Time on th' acrostic . . .

I read another great essay, "This Side of Paradise" (Notre Dame Magazine, Autumn 2020), which is described as an "uplifting saga of . . . one young man's quest to reveal John Milton's secret code" in Paradise Lost. The young man in quest of an answer to his question of acrostics in Milton's epic poem, Miles Folsom, tells us this:

In class we learned that John Milton hid the acrostic SATAN in his epic poem Paradise Lost. The poem recounts a heavenly battle between angels that results in the fall of man when the defeated Satan convinces Eve to eat from the forbidden tree. After class, I went straight back to the dorm and sat next to my bed. I intended to search the work for other acrostics — letters across lines of the poem that spell out a word or a phrase. With a ruler in one hand and Paradise Lost in the other, I dove in. I was dumbstruck when, 38 lines in, I discovered the acrostic THOTH alongside the first mention of Satan. I dropped the ruler and leaned back against my bunk in disbelief. Could it really be that easy? Scholars have been studying this poem for 350 years. Did I just discover something?

Note that this young man's dorm room was a prison cell, and he had entered prison at 16 for dealing in drugs and related crimes, but had turned away from all that and reformed himself. What he wanted most at this point was an education. He was about to get one.

Once again, I urge you to read a long essay. This young man, Miles Folsom, has the tenacity that we also saw in Tom Blodgett.

Friday, October 16, 2020

Peter Hastings Falk on Tom Blodgett

I just finished reading an extraordinary essay by Peter Hastings Falk in the art journal Discoveries in American Art on the even more extraordinary artist "Tom Blodgett (1940-2012)": 

[He] quietly created an extraordinary body of work — large drawing-paintings — that stand out among the most original and compelling in the history of American art during the last quarter of the 20th century and into the 21st. In 2000 at age sixty he reflected, "I have to realize the transcendence of this kind of place, this kind of aloneness, this kind of being left more than alone. More than I was alone in the 1960s or 1970s or even the 1980s. This new alone — That is more than alone. That is being left. Left. And I’m going to transcend it." Yet when he died of cancer in 2012 he was virtually unknown, frustrated that the deus ex machina that he always felt would somehow arrive to bring him national recognition had never shown up.

That's the thing about the god of the machine. Not being omniscient, he seldom shows up on time, and was late in this instance by about eight years (or maybe only two years, for this essay dates from December 2014). For his own part, Blodgett didn't help much to get the god's positive attention. But I've said enough. For the detailed story of this great artist, click on the article title above, or more conveniently here, and read this astonishing essay.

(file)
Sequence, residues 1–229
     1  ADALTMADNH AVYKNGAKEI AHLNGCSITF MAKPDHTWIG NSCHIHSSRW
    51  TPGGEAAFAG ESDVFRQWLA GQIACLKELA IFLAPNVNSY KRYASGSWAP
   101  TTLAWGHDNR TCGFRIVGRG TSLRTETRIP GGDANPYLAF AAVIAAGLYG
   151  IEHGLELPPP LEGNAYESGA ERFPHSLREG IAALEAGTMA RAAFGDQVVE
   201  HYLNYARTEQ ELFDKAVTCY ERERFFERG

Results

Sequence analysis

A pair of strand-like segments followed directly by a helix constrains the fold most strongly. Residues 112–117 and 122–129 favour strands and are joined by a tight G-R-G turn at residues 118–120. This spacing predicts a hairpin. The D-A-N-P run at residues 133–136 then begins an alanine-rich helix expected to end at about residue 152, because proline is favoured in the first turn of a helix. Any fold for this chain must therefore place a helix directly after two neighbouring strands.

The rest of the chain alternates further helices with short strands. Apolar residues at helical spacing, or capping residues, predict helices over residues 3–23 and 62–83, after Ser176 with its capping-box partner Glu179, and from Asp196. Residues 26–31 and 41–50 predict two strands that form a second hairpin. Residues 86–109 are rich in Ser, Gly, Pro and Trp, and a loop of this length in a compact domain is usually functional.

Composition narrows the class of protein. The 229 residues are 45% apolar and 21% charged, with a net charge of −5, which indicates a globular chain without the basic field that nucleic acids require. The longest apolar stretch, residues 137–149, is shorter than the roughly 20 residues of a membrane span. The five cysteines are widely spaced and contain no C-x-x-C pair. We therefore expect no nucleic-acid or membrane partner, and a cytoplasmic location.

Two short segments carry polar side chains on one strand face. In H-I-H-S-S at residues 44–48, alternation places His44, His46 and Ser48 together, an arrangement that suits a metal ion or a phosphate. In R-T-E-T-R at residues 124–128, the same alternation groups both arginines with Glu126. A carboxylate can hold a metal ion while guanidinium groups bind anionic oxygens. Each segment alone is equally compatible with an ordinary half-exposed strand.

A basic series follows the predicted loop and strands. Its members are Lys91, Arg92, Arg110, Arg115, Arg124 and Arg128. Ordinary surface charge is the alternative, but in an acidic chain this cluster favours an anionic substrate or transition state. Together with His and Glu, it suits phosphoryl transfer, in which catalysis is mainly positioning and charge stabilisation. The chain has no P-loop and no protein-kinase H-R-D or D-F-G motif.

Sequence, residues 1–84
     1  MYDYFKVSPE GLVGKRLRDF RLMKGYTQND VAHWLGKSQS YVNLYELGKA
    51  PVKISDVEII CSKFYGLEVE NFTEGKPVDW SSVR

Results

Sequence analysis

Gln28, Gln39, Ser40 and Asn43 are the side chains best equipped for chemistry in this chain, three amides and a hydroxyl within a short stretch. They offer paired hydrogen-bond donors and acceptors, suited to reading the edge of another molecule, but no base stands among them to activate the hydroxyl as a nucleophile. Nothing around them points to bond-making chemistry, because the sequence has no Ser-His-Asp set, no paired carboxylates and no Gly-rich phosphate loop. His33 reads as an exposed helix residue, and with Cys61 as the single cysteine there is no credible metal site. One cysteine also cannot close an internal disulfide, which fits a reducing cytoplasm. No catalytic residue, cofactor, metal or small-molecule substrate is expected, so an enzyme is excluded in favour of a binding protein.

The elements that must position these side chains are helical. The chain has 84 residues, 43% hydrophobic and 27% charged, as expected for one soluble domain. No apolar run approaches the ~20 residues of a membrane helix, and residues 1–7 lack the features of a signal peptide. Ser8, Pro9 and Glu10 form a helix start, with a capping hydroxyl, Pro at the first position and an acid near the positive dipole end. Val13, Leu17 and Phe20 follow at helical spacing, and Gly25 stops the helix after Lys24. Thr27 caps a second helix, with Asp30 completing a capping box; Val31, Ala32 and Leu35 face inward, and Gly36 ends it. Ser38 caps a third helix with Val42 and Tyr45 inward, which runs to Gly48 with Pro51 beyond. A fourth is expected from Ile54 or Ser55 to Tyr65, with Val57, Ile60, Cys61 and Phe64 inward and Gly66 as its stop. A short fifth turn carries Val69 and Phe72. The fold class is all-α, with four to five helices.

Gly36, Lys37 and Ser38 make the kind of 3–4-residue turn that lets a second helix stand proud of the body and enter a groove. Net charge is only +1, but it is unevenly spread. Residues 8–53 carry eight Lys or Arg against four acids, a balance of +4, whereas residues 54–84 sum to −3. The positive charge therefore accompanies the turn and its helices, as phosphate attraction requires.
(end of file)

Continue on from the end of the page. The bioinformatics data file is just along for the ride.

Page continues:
Thursday, October 15, 2020

On Good Reviews and Heartfelt Thanks

I recently wrote to a historian friend to thank him for his suggestions on a few poems among those published:

By the way, the poems you helped me with - a sonnet with "roost" and a rhymed poem "Visitations" ("horse's mouth") - and some other poems along with those, were published in August in the eighth of Carter Kaplan's Emanations anthology series (Octo-Emanations). Here's a brief line on my poems from a review of the entire anthology:

The verse and poetry section is always a little of everything. Horace Jeffery Hodges' three sonnets open the section, "The Hearing Ear," and they are very clever and well done.

I pasted my reaction, plus some words of irony, to that review:

Nice to hear, even if only a line. Not many people read poems, I guess. Poetry is the old maid of literature. An embarrassment allotted a back room upstairs. You have to take care of her because she's family, but you hope she'll stay put and not come out of her room to attempt conversation with all the married folk.

My historian friend replied strictly to the positive words of praise, though adding a hopeful reading of the virus quarantine:

Congratulations on the review. One good line is worth an infinite number of mediocre ones, in reviews as well as in poetry. Perhaps Covid will inspire more people to write poetry, to fill the time if for no better reason. And those who write it might read it, which would make them different from many historians.

He's right, I think, about the worth of one good line of a review as well as one good line of poetry, but I am skeptical that people will write and read more poetry during this Covid-19 era. My friend's likely also skeptical, but couldn't pass up the chance to needle fellow historians, and maybe humanities scholars in general. So many scholarly works in print, so few scholars reading them.